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Why Are Notes So Important At Medical School?

Generally speaking, you’ll be learning the equivalent of an A-Level Biology syllabus every nine weeks when you’re at Medical School – and good note-taking is the main way you can stay on top of this.

Taking notes isn’t about recording what’s said in a Medicine lecture, or explained in a text book. Instead, it’s a tool to help you comprehend and memorise the material. Being good at taking notes will help you to build up a body of quality notes that will help you to revise for Med School exams – and beyond.

Note-Taking Process

The process for taking notes at Medical School is:

  1. Recording what has been said during a lecture or in a textbook.
  2. Understanding that information, drawing links, organising information.
  3. Consolidating the information in your long term memory.

It’s important to have a record of what was said in a lecture or a textbook – and the simple act of taking notes can help with future retention whether or not they are reviewed.

This means you should avoid transcribing what is said verbatim. Where possible, you should put into your own words or diagrams because that will increase the cognitive work you will need to do. This helps increase the chance of retention.

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The Outline Method

The outline method is one of the most common techniques used by Medical Students to take notes from lectures and turn them into something more useful in a way that encourages active learning.

To do this, you simply take the main topic and then add subtopics and nest notes below that. For example, the outline method might look like:

  • Note-Taking strategy notes
    • Outline method
      • most common technique
      • encourages active learning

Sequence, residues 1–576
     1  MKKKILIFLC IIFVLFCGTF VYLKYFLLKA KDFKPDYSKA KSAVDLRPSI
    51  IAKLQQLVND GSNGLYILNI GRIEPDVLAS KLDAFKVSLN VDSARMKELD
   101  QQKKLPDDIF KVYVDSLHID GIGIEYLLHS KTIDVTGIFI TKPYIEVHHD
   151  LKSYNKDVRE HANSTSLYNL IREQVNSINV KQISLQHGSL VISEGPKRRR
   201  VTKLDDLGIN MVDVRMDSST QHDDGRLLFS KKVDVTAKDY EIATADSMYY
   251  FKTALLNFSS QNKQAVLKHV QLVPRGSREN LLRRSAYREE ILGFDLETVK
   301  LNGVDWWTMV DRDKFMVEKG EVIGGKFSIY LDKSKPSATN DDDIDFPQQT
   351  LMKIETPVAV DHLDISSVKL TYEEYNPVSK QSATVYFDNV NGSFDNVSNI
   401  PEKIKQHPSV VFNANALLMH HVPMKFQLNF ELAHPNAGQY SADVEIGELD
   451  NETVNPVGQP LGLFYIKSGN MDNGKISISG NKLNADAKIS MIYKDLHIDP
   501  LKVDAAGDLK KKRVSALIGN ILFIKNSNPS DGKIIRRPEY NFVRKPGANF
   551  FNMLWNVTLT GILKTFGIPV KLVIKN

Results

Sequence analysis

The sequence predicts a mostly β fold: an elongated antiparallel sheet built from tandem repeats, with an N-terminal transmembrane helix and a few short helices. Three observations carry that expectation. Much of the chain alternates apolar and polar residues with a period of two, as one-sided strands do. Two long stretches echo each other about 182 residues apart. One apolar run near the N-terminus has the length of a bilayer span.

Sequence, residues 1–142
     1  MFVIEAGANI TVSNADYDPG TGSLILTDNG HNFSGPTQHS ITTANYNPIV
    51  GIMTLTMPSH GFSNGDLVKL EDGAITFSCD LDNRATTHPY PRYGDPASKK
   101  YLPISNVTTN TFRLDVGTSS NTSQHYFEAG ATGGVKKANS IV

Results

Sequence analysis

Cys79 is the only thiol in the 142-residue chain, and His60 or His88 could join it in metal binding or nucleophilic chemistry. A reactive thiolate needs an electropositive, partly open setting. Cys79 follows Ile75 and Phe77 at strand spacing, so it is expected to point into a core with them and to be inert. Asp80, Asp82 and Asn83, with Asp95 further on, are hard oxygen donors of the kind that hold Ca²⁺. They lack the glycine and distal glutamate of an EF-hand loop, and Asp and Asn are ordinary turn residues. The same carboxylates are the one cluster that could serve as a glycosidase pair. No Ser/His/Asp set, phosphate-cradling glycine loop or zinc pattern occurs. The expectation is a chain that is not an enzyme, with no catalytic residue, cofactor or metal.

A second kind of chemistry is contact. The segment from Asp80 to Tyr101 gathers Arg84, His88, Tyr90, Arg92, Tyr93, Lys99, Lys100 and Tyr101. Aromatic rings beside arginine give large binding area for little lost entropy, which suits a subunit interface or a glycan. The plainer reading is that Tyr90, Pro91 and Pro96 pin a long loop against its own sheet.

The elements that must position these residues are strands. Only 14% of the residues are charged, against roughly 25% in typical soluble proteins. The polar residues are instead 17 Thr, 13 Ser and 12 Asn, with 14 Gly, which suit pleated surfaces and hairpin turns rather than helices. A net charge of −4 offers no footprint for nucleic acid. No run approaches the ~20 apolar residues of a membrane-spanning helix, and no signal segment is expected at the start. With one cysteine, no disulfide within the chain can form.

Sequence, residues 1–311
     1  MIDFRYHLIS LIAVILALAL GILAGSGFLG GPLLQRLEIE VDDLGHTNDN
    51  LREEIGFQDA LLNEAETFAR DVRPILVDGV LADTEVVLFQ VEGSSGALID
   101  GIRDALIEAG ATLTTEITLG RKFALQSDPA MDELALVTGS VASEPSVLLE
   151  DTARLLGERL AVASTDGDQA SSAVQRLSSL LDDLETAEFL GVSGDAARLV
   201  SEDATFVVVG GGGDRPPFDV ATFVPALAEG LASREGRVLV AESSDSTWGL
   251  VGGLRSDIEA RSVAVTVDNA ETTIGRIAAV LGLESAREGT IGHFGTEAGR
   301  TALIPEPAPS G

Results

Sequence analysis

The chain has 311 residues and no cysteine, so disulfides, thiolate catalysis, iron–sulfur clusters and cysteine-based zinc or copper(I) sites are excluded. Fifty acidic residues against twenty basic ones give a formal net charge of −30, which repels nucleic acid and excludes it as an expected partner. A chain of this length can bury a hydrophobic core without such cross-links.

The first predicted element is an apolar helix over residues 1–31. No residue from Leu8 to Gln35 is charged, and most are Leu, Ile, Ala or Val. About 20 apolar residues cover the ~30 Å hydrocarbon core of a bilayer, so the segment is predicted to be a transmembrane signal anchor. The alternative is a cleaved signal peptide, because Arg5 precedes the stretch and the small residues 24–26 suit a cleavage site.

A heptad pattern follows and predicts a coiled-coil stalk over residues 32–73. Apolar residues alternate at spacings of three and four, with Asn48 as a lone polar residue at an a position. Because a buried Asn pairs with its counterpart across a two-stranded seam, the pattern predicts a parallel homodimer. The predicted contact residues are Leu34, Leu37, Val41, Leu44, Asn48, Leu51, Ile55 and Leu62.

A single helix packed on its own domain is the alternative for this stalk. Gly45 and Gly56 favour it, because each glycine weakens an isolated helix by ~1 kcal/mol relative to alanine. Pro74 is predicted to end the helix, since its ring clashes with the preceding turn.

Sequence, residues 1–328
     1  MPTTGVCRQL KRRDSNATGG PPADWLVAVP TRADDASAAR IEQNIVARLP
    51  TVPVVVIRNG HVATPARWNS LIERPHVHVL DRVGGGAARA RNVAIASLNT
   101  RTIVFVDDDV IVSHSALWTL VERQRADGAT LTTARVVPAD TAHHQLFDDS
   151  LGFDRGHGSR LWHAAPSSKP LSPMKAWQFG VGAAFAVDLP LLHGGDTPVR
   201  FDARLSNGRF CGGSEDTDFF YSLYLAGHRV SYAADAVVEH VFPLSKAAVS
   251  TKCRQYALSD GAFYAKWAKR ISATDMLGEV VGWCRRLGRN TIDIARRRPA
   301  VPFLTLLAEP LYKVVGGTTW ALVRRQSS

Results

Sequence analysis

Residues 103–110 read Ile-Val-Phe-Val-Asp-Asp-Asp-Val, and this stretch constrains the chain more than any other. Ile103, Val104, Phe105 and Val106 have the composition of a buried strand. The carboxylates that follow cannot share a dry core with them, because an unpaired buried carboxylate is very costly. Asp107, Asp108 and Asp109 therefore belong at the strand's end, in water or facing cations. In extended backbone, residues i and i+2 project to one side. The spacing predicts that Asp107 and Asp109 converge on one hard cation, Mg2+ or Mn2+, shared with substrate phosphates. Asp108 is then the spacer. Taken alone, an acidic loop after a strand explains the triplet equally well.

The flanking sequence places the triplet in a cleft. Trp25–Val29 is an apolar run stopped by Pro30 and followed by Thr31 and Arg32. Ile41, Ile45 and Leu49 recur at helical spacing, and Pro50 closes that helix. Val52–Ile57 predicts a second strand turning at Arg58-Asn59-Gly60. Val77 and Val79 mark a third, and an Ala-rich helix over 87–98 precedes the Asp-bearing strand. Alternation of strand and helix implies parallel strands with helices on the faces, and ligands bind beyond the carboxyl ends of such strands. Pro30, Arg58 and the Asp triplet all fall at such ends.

Many people like to use the outline method because it’s clean and easy to use. You can do this with a pen and paper, typing on a laptop, writing on an iPad, etc. It also encourages you to think about which ideas really are the main topics or subtopics, and which ideas should be further nested below them.

Mind Maps Method

This is similar to the outline method, except you use mind maps as a way to visually show how different subtopics are related.

Many students like this because it allows you to put concepts and topics into a visual schema, which can aid memorisation. However, it’s easy for notes in this form to be visually convoluted and distract you from the information.

Flash Cards Method

Using flash cards should be a key part of your revision planning, as it helps you convert your notes into digestible bite-sized bits of information to help you consolidate and learn the key information.

The general process for making good flash cards is:

  1. Create a single deck of cards for each exam, not a fragmented set across numerous exams.
  2. Make sure you understand the information before putting onto a card. They’re designed for final memorisation, and it’s much harder to memorise what you do not understand.
  3. Use more cards, with less information on each. This is easier to memorise than fewer cards with more information.

Webinar Replay

Replay our note-taking skills webinar to learn about these concepts in more detail, and see how Quizlet can help with your Med School revision:

Don’t forget to sign up for our webinar to get revision tips for your first Med School exams.

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